Sam Raimi creates new classic with ‘Oz’


THE MAN BEHIND THE CURTAIN: James Franco breathes new life into the old version of who the Wizard is in “Oz.”

Taline Markarian, Staff Writer

Many filmmakers have tried to re-pave the yellow brick road back into Oz, but nothing has compared to the 1939 film about Dorothy and her friends–until now.

Nearly 75 years later, Sam Raimi (“Drag Me to Hell,” 2009) attempts to be the first director to come close to equaling the famed classic.

“Oz: The Great and Powerful” is a magical, fun and wild ride, and Raimi’s direction makes viewers feel as though they’re in the middle of it all.

And unlike the original film, the audience is introduced to the story behind the Wizard that Dorothy meets in the original story.

In this prequel, the Wizard, Oscar “Oz” Diggs, lives in Kansas as a magician, a con artist and a ladies’ man. When the tornado pulls him into the Land of Oz, his outlook on life and morality begins to change. For the first time, he begins to truly care about others.

Many would expect a simple adventure film, but by seeing the Land of Oz through the eyes of the sarcastic, witty Wizard, the audience is treated to healthy doses of comedy.

The two-hour adventure puts an interesting twist on parts of the story. For example, there’s a place called Chinatown, where all the buildings and people are made of fine china.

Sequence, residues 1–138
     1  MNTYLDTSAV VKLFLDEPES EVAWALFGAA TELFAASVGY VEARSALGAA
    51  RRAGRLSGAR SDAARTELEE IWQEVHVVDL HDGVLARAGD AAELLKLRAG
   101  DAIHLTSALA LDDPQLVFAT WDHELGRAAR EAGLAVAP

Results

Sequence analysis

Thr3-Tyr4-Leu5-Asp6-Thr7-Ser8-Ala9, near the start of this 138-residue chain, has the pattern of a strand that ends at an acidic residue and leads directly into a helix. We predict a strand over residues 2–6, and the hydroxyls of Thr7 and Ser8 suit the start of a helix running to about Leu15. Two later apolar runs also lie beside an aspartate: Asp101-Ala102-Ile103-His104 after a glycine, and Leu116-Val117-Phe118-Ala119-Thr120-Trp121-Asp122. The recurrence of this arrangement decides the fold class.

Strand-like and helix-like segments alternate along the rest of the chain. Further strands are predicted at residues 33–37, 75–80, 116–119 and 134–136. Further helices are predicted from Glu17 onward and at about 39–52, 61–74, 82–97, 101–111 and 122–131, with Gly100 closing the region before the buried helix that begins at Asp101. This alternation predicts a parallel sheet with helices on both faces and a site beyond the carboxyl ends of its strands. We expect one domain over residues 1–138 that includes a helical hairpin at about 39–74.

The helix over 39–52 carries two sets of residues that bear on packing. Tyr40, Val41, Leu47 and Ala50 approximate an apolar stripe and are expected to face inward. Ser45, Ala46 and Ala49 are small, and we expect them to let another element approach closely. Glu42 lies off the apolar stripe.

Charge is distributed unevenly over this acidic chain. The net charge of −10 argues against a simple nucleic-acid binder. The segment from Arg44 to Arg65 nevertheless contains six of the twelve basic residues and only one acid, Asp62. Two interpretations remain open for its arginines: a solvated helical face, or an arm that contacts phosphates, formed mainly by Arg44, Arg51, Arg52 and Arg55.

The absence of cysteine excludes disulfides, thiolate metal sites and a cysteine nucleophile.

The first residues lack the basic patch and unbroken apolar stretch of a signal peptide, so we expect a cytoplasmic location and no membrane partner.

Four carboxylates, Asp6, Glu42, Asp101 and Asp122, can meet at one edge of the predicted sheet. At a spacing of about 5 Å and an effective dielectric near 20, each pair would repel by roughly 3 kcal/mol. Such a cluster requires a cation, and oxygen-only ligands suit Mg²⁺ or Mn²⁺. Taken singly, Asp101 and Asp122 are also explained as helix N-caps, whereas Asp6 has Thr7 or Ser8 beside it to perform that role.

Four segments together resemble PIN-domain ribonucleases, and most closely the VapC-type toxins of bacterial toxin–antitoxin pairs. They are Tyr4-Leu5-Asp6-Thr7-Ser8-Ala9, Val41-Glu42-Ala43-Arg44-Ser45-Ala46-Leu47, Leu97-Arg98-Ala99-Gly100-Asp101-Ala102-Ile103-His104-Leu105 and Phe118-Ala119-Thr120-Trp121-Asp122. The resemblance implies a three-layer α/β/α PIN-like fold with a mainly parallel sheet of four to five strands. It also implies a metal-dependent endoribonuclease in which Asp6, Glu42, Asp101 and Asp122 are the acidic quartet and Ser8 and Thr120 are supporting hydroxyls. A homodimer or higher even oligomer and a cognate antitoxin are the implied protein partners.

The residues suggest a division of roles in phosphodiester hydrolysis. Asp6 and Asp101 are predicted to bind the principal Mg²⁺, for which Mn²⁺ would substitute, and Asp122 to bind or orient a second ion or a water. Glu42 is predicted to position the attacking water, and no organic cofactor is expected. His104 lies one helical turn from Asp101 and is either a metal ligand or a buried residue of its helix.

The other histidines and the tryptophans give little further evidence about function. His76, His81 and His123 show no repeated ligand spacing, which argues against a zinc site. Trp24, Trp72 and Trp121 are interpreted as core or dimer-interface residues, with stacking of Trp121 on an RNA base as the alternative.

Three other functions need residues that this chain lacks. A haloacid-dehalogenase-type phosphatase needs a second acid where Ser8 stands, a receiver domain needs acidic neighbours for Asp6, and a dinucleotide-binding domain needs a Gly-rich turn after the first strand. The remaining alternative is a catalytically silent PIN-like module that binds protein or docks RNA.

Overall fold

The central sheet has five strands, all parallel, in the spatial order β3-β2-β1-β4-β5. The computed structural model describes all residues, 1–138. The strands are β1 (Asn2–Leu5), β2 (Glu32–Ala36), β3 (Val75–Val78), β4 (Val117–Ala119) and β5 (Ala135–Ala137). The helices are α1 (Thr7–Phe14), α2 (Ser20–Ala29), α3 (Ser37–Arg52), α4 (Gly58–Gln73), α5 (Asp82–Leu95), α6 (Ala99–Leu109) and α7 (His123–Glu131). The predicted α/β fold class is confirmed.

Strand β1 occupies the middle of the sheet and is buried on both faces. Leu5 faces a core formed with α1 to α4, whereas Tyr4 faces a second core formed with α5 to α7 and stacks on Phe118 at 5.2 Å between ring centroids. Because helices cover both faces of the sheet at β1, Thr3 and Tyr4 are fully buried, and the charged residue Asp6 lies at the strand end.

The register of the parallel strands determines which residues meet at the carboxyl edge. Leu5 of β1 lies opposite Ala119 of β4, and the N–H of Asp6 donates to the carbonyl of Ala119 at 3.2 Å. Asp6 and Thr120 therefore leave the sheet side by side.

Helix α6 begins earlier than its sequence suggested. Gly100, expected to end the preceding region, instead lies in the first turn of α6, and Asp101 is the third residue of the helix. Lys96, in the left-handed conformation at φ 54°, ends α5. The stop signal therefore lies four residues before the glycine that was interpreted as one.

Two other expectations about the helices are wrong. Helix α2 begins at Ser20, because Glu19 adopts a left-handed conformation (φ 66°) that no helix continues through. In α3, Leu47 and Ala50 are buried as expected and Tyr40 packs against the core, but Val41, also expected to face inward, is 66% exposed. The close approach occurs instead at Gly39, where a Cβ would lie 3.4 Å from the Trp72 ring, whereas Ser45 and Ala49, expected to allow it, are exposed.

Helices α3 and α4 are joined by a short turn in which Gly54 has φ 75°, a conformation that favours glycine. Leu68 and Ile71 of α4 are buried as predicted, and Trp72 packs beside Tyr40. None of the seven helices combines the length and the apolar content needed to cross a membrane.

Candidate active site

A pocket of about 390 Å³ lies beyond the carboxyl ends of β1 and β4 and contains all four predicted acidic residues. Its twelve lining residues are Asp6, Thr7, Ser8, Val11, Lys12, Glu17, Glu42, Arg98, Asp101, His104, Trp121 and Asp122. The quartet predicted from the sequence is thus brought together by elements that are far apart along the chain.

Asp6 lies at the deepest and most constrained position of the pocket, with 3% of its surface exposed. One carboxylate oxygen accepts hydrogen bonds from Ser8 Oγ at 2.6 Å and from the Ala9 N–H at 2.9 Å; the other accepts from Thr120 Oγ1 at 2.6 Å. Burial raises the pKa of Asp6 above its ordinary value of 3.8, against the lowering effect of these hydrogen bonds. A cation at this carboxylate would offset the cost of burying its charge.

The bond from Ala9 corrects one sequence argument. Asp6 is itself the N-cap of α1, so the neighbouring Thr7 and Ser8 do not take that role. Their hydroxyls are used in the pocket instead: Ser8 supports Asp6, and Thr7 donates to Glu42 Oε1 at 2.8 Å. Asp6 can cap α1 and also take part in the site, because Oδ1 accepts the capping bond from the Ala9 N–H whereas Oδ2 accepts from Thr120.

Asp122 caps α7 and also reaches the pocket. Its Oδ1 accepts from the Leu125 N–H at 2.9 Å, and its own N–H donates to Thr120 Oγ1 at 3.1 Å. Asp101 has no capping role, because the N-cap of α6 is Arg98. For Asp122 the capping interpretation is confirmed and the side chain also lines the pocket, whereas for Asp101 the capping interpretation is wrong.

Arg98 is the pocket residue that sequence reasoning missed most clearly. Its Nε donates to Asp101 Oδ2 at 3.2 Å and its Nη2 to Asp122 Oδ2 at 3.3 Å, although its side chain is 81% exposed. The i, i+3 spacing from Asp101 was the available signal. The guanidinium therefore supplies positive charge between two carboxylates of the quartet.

Besides the imaginative characters and settings, the production values are highly original. There are many point of view shots, where the audience sees through the eyes of the Wizard. These shots bring this wondrous place to life and they give us a chance to join the Wizard on his journey.

The special effects and 3-D also help bring childhood fantasies to reality. The special effects make a china doll almost real enough to reach out and touch. The fight between the Wicked Witch of the West and Glinda makes the viewer feel like theyre in the corner of the room.

A visually stunning scene occurs when Oz arrives in his hot air balloon and the film transforms from a black and white picture into brilliant color.

Audience’s eyes are in for a treat when Oz enters a massive treasure room in the vibrant Emerald City.

The visuals, characters and costumes are extraordinary, but one of the acting performances is disappointing.

Mila Kunis (“Ted,” 2012) seems forced and unnatural as Theodora, pulling audiences out of the fantasy and into the movie theater. However, the rest of cast is flawless depicting the Wizard’s arrival to Oz.

James Franco, Michelle Williams, and Rachel Weisz played their parts incredibly. It was as if they left their stardom behind and became permanent residence of OZ.

Screenwriter Mitchell Kapner’s take on L. Frank Baum’s original story paves the way for new characters, and he makes several clever spins on the old ones. For example, the flying monkeys are good and the evil witches’ minions are flying baboons.

Though there are some changes to the Land of Oz, like the flying monkeys, Raimi, who is most known for the “Evil Dead” trilogy, sticks to the basic structure of the original movie. The audience is guaranteed to see the yellow brick road, the munchkins, the scarecrows, and above all the green wicked witch of the west.

The difference, though, is that Raimi puts some fear into the audience by creating two sadistic and evil witches who try their best to tear apart Oz.

The creativity and detail in Disney’s $200 million film takes the simple characters from the “Wizard of Oz” and remakes them, creating a new classic.